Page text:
Feed thinner syrup at first, when some comb is drawn, feed 5:3.
    LeeB
    I try to learn from my mistakes, and from yours when you give me a heads up :)

  14. #14
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    Apr 2003
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    Greenville, TX, USA
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    Default Re: What a mess!!!

    One drawn frame near the center helps them get started, but it's not absolutely essential. I think your starter strips are too long. I usually just breakout the wedge on a wedge top frame and the build on the corner that is left. Do push all the frames tight together in the center. The other problem may have been heat. If they start storing nectar in new comb it will occasionally sag down from the heat. It doesn't happen too often on mediums, but if you don't have enough bees to cool the hive sufficiently, it can happen. Just scrap the mess, leave anything attached at the top, and let the bees clean out the scrapped comb. Quite often they do it better the second time.

  15. #15
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    Default Re: What a mess!!!

    I agree with all comments above. What I normally do - I sort of checker-board, place one empty frame and than full one, than empty again; the same - in the upper box. I would imagine that it would be difficult to the bees to start the whole empty box straight; they need guide. Good luck with your bees!
    Серёжа, Sergey

  16. #16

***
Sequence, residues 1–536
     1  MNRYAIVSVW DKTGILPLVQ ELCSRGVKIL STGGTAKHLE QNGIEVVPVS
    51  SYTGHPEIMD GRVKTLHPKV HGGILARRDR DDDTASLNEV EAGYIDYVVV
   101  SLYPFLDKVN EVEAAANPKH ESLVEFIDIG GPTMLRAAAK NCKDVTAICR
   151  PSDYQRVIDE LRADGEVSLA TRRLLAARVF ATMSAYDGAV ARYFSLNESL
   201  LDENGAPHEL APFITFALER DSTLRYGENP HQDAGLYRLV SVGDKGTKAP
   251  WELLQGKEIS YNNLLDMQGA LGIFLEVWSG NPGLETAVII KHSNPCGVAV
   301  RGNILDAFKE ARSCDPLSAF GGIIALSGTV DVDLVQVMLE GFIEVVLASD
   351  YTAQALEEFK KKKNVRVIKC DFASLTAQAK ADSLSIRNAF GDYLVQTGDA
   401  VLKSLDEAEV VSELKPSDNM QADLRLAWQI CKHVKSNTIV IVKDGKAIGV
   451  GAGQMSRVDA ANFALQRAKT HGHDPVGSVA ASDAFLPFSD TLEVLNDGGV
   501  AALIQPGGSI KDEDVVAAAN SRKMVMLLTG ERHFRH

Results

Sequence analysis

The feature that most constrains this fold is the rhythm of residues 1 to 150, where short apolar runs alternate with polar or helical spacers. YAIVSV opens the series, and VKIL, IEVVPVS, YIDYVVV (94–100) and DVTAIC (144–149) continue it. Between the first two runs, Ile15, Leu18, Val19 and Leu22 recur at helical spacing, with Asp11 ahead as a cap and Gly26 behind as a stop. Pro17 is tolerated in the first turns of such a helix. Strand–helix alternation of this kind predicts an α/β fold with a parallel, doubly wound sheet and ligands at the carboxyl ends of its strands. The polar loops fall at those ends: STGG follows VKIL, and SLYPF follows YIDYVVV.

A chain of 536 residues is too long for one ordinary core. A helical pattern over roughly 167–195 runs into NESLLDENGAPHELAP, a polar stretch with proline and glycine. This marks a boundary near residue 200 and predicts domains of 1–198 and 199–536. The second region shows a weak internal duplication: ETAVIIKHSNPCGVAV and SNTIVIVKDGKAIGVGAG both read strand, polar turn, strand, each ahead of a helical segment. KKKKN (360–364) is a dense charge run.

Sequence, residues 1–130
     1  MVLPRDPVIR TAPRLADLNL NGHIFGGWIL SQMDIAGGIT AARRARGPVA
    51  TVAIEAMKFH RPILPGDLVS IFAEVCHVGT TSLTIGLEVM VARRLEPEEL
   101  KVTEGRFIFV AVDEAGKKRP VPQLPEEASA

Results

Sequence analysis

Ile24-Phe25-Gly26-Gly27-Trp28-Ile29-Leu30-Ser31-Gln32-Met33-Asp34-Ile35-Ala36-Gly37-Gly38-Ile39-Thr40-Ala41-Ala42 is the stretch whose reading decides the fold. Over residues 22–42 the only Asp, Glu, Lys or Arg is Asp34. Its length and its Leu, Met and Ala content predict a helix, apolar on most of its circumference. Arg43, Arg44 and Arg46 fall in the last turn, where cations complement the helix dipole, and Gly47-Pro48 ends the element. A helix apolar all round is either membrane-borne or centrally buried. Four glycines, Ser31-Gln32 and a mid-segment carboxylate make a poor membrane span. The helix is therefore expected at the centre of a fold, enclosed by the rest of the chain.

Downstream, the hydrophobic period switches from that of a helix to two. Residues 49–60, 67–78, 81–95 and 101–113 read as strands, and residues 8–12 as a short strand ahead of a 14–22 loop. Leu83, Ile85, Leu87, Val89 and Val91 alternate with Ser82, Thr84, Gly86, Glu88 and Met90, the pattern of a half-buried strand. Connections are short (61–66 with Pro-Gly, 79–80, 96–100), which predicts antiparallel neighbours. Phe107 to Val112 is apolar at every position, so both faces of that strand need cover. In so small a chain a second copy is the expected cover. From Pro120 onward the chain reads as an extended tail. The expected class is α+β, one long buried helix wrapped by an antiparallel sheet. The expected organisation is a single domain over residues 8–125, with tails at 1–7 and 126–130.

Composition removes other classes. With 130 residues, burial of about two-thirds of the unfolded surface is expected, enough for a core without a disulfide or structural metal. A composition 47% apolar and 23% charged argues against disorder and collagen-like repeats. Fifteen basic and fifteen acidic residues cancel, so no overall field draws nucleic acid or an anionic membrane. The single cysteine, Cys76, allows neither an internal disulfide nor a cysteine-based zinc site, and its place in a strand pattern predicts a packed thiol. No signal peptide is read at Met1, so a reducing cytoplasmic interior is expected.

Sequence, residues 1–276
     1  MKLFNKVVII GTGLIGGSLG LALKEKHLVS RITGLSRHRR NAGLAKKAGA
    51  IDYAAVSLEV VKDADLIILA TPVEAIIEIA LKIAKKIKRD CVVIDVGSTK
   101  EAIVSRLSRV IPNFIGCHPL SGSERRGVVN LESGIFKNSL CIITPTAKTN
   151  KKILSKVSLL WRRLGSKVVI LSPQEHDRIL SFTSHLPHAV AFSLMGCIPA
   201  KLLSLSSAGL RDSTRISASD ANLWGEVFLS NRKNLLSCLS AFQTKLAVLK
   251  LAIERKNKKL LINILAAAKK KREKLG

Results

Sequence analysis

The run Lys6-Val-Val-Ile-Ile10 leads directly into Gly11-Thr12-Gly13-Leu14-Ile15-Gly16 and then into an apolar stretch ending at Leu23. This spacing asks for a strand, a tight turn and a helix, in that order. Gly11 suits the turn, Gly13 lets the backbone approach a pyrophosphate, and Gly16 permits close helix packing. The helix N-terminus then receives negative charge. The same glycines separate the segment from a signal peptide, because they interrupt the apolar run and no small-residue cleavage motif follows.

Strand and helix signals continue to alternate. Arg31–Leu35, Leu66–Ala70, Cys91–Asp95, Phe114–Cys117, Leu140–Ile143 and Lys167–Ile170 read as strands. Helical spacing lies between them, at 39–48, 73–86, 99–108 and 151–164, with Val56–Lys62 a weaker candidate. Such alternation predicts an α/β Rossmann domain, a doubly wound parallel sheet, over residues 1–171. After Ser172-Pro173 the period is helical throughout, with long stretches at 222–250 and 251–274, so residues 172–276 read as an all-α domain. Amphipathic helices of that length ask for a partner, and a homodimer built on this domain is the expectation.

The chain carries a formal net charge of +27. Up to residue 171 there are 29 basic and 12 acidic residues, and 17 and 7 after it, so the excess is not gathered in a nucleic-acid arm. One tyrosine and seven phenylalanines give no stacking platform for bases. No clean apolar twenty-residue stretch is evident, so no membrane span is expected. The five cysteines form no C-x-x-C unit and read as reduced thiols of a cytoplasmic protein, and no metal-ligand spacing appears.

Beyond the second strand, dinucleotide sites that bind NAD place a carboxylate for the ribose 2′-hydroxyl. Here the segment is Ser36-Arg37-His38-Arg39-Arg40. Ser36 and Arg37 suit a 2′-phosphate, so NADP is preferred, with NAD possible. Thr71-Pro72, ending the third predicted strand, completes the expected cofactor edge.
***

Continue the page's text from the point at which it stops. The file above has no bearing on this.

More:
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    Default Re: What a mess!!!

    In a deep full of empty frames and not a huge population of bees, they have a real hard time starting at the top, and since they built comb up it fell over, as noted.

    A box of empty foundationless frames is asking for trouble, use some foundation or better yet drawn comb. If you have neither, put the box under some fully drawn comb so they can work top down.

    Peter

  17. #17
    Join Date
    Feb 2006
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    Massillon, Ohio
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    Default Re: What a mess!!!

    I agree with Ross on the starter strip length. Based on my experience, when the strips are too long the bees will start building comb on one side of the strip or the other, and you end up with comb way off the center of the frame. With a full box of starter strips you will end up with a real mess. The shorter the strip, the better. I like to see my strips protrude 1/8" or less from the frame top. The likelihood of them building centered comb will increase dramatically.

    I've also noticed that some bees naturally build straight comb and others have a tendency to build wacky comb no matter what you do. It looks like you might have some of those bees. In your case I would start with all foundation in the deep. Once they have drawn them all out properly (the way you want them) you can remove frames and insert a starter strip frame between 2 drawn frames of brood and they should draw them out straight.

    I've tried to add boxes with all starter strips and have found that you must be very attentive when doing this. You need to check weekly and remove or adjust any comb that is going off center. As was mentioned, it's best to add the new box "under" the existing drawn boxes so they start building from the top of the frames down.
    To everything there is a season....

  18. #18
    Join Date
    Apr 2011
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    Palermo, Maine, USA
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    731

    Default Re: What a mess!!!

    Another tip to get them started right is to bevel the top bar so that it slopes down to the starter strip. This removes an edge on each side of the top bar that they may be tempted to use as a starting point. I do this on a router table and use a 45 degree bit.
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    Ralph